Journal of Contemporary Psychotherapy

, Volume 40, Issue 4, pp 209–217 | Cite as

Incorporating Principles from Acceptance and Commitment Therapy into Cognitive-Behavioral Therapy for Insomnia: A Case Example

  • Kristy L. Dalrymple
  • Lavinia Fiorentino
  • Mary C. Politi
  • Donn Posner
Original Paper


Although traditional cognitive behavioral treatments for insomnia have demonstrated efficacy for many individuals with primary and comorbid insomnia, not all individuals benefit from treatment and some experience a subsequent relapse of insomnia. Furthermore, many individuals experience difficulty in implementing the sleep restriction and stimulus control strategies, especially over the long-term. The current article describes ways in which principles from a newer type of behavior therapy, Acceptance and Commitment Therapy (ACT), can be integrated with traditional behavioral treatment strategies for insomnia. A major goal of ACT is to increase willingness to experience unpleasant thoughts, feelings, and physical sensations, and to promote engagement in personally-valued behaviors while non-judgmentally observing these unpleasant experiences. ACT has the potential to enhance the behavioral treatment of insomnia by fostering willingness to experience short-term discomfort (e.g., fatigue) that occurs while implementing sleep restriction and stimulus control strategies. A case example is presented to illustrate how these principles from ACT can be integrated with behavioral techniques in the treatment of insomnia.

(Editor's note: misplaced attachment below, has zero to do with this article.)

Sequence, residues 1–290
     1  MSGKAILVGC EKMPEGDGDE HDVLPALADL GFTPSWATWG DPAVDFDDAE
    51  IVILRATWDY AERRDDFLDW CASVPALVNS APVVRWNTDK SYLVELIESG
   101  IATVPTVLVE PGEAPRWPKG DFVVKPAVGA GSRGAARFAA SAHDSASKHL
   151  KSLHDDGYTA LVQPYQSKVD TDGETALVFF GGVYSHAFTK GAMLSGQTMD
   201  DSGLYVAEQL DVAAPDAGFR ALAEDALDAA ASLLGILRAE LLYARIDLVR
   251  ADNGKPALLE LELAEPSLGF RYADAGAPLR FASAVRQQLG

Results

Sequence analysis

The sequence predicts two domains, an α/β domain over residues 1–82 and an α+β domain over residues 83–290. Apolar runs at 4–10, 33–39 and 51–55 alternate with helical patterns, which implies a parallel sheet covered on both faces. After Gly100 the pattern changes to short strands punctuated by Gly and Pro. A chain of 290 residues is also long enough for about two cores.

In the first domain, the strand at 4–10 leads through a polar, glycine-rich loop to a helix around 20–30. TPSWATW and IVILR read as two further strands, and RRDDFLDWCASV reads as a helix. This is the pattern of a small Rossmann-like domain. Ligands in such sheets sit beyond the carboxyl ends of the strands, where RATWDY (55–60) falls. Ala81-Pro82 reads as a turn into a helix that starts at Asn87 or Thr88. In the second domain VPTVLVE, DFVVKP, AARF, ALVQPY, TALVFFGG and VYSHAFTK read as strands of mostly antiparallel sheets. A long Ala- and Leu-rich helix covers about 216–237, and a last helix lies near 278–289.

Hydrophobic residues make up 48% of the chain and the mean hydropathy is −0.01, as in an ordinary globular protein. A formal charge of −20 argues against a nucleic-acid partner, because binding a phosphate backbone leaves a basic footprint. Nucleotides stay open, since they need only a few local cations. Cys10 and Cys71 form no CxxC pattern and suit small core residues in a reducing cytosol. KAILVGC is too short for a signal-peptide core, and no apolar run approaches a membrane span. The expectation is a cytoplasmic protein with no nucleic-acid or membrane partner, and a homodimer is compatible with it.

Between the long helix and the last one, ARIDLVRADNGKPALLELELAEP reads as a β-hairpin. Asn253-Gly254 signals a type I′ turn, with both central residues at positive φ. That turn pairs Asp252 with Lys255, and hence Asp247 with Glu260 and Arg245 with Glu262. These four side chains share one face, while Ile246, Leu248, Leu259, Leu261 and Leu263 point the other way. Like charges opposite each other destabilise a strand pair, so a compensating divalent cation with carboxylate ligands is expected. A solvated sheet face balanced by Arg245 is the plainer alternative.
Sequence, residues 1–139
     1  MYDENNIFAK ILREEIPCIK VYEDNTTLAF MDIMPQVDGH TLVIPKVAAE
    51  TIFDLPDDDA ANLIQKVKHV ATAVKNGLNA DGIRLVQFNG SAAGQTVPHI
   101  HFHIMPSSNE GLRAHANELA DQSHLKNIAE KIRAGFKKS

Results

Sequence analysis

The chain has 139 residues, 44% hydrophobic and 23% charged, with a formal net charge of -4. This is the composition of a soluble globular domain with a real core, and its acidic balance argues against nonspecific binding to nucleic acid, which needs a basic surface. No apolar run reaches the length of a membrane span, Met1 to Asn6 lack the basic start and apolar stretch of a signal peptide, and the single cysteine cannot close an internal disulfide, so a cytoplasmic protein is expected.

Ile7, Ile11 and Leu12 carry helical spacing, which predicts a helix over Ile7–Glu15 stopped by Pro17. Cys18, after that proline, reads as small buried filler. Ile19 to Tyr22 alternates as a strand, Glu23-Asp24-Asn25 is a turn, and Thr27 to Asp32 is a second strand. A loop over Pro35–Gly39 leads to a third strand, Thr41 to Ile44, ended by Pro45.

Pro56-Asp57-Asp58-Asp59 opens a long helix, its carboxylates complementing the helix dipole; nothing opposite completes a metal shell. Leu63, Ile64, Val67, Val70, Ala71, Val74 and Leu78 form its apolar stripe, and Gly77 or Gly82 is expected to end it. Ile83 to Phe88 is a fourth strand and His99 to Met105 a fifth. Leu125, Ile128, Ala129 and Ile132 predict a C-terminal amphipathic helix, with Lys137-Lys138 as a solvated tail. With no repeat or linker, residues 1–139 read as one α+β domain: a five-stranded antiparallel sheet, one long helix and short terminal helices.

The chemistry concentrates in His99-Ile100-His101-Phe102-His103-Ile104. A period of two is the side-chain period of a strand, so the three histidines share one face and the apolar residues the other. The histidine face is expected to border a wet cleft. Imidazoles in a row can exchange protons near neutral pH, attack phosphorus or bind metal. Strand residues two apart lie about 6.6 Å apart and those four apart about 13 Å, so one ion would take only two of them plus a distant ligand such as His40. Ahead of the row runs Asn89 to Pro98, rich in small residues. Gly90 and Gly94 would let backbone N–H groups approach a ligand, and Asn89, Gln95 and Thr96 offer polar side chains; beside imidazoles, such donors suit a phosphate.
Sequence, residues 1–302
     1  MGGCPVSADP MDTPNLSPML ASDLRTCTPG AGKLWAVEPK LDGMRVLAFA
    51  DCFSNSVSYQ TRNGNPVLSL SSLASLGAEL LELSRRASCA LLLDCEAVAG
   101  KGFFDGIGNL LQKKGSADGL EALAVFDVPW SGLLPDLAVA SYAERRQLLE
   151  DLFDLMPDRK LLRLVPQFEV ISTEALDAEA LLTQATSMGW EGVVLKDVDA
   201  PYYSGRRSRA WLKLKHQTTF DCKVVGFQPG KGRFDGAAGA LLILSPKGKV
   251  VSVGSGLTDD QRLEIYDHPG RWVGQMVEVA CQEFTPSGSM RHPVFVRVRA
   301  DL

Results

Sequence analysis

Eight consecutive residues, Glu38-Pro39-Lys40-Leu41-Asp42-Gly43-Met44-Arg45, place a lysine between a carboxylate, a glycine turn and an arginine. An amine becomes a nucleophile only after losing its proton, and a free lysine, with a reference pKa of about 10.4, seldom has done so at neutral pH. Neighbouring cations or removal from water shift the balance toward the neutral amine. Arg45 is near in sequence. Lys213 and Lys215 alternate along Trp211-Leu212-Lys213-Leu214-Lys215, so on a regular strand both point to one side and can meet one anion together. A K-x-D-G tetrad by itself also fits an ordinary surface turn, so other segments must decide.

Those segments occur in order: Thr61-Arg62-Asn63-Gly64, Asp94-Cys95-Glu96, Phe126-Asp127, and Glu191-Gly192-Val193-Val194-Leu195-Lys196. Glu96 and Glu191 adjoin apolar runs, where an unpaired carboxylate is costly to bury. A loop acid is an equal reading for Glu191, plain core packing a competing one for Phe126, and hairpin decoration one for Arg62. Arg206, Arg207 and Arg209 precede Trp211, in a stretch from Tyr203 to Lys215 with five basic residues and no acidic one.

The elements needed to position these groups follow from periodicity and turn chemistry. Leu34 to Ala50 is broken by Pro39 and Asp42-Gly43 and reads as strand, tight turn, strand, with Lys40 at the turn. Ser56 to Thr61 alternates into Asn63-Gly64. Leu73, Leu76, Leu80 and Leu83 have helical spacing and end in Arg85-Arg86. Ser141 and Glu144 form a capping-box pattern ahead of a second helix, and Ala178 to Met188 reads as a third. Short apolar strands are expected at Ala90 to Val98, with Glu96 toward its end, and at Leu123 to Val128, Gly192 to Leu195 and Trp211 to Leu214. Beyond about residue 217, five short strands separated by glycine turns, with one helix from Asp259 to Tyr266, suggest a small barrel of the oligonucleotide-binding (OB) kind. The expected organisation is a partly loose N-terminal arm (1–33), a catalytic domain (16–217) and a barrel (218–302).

Insomnia Treatment Behavior therapy Acceptance Mindfulness 


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Copyright information

© Springer Science+Business Media, LLC 2010

Authors and Affiliations

  • Kristy L. Dalrymple
    • 1
    • 2
  • Lavinia Fiorentino
    • 3
  • Mary C. Politi
    • 4
  • Donn Posner
    • 1
  1. 1.Department of Psychiatry and Human BehaviorAlpert Medical School of Brown UniversityProvidenceUSA
  2. 2.Department of PsychiatryRhode Island HospitalProvidenceUSA
  3. 3.Cousins Center for Psychoneuroimmunology, Semel Institute for Neuroscience and Human BehaviorUniversity of California Los AngelesLos AngelesUSA
  4. 4.Department of Surgery and Health Communication Research LaboratoryWashington UniversitySt. LouisUSA

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